And one daughter insisted we needed to add our outdoor shower.
Gingerbread Animals Cropped up Everywhere
We added other farm critters, including bunnies that had escaped the barn (with Dad running behind them).
And of course our farm wouldn’t be complete without Scout, our sweet dairy cow. (She even had an udder made of fruit chews.)
A few final touches of a lamppost and our newest family member, PapPap, walking to the mailbox with our loyal Bixby on his heels, and we were done.
But the memories will be treasured for a lifetime. Memories of the Christmas without presents. The Christmas that was filled not with wrapping paper and bows but with sweet family time.
We Enjoyed Sweet Details
If you’d like to copy any of our ideas for your own gingerbread farm, here’s some of our “design secrets.”
For a garden plot–crush up Oreo cookies.
As a garden gate–stand mini pretzels upright with icing glue.
To create corn stalks–paint toothpicks green and attach yellow Nerd candy pieces with green-dyed icing.
To create family members’ and farm animals’ gingerbread replicas–use tinted icing, sprinkles, colored sugar, and Nerd candies to add personal details.
As a lamppost–layer wintergreen lifesavers with icing glue and top them with a square of mini graham cracker squares and icing. For the light, stick on yellow jelly bean halves.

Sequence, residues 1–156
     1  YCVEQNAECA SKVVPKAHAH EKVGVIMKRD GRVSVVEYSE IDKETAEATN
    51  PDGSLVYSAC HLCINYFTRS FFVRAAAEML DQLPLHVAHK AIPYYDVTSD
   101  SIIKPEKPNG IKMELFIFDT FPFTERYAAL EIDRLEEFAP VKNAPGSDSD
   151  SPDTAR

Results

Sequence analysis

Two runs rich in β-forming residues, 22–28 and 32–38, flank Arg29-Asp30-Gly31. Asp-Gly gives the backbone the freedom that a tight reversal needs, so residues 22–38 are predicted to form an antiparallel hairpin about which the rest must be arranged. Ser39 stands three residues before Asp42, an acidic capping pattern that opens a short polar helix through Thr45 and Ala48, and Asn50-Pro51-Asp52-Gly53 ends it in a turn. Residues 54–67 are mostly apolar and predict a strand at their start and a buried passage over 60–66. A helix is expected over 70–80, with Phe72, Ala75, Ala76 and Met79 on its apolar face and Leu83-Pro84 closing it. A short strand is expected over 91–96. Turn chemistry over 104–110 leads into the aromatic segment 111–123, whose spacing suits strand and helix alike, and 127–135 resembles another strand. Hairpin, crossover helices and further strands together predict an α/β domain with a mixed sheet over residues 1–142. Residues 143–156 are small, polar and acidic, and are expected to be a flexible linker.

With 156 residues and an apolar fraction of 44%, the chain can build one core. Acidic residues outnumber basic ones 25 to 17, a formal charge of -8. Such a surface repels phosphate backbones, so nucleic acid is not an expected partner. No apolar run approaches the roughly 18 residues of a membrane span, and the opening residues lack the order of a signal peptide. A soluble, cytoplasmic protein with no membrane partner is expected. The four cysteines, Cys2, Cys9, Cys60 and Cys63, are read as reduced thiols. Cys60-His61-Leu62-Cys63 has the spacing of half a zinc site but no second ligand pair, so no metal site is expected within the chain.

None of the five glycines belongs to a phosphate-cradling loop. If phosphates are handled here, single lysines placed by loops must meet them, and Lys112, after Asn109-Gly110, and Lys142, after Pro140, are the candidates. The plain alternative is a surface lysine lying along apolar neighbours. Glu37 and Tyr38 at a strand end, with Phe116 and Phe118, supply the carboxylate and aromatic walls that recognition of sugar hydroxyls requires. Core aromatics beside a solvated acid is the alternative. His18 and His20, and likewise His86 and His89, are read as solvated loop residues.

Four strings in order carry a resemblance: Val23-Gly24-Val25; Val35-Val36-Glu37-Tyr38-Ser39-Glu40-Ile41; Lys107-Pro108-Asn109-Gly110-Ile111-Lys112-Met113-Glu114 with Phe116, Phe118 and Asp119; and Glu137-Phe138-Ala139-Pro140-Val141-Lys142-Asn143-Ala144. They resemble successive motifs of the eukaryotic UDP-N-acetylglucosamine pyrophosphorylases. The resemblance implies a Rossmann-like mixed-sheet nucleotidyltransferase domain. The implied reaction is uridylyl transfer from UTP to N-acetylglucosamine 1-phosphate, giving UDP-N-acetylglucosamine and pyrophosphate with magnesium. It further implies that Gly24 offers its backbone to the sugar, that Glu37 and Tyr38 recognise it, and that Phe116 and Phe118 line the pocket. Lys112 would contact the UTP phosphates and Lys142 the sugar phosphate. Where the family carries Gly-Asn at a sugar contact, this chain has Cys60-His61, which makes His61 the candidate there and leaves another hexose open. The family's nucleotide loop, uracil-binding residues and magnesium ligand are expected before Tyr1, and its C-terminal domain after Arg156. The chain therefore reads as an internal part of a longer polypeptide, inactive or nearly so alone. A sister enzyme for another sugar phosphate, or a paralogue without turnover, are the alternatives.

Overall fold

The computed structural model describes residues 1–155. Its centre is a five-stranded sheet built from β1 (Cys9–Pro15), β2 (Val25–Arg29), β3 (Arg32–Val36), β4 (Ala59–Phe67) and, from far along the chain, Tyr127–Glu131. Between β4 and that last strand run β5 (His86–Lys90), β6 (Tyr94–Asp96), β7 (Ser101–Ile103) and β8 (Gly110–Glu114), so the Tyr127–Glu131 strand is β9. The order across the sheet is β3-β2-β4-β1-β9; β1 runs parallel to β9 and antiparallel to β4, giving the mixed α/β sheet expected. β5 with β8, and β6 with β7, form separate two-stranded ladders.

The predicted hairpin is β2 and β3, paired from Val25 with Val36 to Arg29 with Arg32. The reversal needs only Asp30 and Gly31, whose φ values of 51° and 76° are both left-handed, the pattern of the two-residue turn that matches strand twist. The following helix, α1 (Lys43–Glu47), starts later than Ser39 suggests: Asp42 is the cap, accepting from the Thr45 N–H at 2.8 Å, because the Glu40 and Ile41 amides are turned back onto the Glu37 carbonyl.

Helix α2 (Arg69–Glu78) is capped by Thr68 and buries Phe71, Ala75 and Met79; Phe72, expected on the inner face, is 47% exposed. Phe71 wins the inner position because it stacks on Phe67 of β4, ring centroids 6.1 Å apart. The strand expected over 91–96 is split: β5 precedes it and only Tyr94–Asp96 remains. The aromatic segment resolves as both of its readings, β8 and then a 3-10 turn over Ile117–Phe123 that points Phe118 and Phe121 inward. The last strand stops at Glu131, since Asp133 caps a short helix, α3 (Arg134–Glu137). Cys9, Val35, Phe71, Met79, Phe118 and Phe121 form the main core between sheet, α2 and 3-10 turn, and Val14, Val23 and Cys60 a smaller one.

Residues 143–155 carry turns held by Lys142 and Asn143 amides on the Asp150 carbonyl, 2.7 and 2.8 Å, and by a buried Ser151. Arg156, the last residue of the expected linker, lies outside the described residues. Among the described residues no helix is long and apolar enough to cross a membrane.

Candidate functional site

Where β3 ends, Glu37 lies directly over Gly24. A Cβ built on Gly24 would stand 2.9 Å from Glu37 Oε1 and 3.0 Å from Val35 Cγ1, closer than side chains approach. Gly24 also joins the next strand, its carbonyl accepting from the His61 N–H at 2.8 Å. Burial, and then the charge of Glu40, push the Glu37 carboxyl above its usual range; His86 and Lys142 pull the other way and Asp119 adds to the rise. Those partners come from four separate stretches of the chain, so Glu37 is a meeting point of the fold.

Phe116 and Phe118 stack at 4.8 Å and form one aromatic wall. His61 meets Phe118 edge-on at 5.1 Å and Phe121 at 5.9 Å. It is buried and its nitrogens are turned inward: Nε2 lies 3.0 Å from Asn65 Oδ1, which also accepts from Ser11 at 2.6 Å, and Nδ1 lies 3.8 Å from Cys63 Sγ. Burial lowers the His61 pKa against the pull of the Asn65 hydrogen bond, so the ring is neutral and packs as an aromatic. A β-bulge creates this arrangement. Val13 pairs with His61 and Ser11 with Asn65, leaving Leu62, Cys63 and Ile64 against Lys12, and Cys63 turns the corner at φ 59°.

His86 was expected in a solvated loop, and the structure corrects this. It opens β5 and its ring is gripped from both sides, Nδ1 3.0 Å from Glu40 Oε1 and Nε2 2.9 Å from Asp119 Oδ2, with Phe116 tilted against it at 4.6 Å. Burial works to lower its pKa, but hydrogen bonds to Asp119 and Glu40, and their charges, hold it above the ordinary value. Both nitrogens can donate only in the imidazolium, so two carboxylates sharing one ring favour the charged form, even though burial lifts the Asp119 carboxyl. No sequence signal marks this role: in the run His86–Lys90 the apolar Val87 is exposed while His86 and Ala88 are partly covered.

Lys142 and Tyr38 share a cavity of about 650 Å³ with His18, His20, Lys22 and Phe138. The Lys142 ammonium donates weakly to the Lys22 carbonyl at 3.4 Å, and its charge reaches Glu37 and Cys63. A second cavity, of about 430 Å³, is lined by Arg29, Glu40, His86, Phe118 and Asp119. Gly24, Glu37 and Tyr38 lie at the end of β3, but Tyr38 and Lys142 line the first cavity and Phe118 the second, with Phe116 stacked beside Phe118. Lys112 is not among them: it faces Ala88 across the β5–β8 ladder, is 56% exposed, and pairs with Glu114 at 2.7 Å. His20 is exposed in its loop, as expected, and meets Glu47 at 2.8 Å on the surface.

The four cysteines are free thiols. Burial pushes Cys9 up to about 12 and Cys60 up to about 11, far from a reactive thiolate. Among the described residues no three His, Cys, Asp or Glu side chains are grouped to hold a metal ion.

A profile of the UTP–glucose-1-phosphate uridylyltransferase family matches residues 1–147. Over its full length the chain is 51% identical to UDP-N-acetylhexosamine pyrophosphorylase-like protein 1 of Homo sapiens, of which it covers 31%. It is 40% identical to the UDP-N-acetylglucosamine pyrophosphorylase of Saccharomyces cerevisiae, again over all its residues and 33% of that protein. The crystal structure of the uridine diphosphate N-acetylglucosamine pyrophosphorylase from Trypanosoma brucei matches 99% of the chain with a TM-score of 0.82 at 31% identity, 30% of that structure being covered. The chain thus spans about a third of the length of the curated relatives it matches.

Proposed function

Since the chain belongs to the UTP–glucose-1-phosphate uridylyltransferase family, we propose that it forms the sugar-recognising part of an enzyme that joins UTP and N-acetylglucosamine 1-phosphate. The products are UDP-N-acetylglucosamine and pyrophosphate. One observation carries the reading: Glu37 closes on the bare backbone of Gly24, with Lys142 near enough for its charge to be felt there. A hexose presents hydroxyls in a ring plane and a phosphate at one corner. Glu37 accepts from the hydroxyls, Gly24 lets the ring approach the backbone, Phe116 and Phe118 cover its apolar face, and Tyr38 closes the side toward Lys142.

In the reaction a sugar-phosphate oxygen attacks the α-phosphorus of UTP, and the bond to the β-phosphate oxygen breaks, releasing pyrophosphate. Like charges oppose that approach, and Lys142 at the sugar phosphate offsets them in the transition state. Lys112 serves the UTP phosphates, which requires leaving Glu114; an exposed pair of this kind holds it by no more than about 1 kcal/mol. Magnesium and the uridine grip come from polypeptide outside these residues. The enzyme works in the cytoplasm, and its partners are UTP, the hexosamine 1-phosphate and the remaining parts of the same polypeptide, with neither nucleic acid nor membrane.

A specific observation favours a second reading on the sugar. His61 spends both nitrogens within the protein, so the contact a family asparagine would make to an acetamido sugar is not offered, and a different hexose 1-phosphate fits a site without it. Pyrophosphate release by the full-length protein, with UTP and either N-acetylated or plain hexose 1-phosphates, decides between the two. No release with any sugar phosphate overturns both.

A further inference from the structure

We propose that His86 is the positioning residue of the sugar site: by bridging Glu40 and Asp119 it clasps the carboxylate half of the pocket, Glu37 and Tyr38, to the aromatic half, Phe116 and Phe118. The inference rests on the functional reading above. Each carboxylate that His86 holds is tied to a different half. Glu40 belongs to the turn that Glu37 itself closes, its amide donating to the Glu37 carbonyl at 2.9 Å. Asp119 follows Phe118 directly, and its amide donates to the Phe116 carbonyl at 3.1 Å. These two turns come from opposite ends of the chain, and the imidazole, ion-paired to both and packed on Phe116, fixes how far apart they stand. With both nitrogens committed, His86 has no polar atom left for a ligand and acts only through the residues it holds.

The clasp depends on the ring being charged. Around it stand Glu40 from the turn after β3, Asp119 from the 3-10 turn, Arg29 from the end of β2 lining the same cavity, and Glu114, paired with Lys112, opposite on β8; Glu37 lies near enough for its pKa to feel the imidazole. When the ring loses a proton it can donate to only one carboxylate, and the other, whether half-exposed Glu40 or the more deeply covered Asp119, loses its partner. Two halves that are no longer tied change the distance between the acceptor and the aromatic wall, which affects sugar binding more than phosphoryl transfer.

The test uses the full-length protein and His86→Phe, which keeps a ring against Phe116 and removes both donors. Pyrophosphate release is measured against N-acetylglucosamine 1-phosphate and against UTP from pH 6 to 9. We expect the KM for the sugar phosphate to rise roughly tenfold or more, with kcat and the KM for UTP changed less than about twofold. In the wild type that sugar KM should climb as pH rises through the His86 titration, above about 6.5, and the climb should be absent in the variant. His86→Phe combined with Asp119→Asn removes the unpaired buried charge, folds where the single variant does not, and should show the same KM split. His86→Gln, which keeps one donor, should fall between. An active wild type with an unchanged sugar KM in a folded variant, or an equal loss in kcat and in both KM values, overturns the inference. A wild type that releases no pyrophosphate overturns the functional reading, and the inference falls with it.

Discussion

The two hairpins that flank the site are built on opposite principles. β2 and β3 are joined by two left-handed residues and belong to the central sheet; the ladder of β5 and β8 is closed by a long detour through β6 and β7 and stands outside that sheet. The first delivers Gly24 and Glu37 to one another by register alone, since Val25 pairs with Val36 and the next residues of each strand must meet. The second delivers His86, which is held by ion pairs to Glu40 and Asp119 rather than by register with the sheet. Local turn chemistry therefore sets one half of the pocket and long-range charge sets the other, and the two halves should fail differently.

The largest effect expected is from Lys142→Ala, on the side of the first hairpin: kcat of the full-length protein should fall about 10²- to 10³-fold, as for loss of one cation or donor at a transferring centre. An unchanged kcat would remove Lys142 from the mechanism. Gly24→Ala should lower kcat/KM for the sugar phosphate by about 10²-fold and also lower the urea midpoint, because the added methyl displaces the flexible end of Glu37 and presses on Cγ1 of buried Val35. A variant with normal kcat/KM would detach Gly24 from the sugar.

For a lean-to–prop up a thin cardboard roof with chocolate-covered pretzels. Attach pink Canada mints for roofing material and fill the lean-to with fudge blocks for hay bales.
For an outdoor shower–slice a white jelly bean in half, glue it on the house and stick various lengths of blue-painted toothpicks out of the jelly bean for streams of water.
To create a log cabin “look”–slice chocolate covered pretzels rods into “logs.”
For a big barn door–slice black jelly beans in half to fill the space. (Or any flavor that’s your least favorite–which for our family happens to be the black licorice–that way you save your favorite flavor for eating. Which is, of course, almost as important as the construction.)
If you enjoyed this SWEET post (see what I did there?) you’ll go crazy over this book!
We Offered Each Other the Best Things We Could
I’m so thankful that amidst deep sadness, difficulties, months of separation, and a Christmas without presents, we truly gave each other the best things we could have offered each other: our time and our deep appreciation of each other. As a result, sweetness–and Christ’s love–abounded.
Our Christmas had started with a beautiful Christmas Eve candlelight service that brought joyous leaps to my heart and sweet tiny tears to the edge of my eye.
And our Christmas–the first without a wife, mom, and NaNa whom we all adored–ended up being very sweet after all.
I hope this post finds you well and looking forward to a New Year. Wishing you a very Merry Christmas from our little neck of the woods. . .
I’ll leave it on this note. . . because the prophet Isaiah summed up my feelings pretty well, thousands of years ago: “He brings good news to the poor and binds up the brokenhearted,… He grants those who mourn a beautiful headdress instead of ashes, [and gingerbread joys instead of gift-less sadness,] the oil of gladness instead of mourning, a garment of praise instead of a faint spirit; that they may be called oaks of righteousness, the planting of the Lord, that he may be glorified.” (Isaiah 61)
If you decide to make your own edible homestead, please share YOUR gingerbread house inspirations with me by commenting or sharing pictures below. I’d love to hear about it!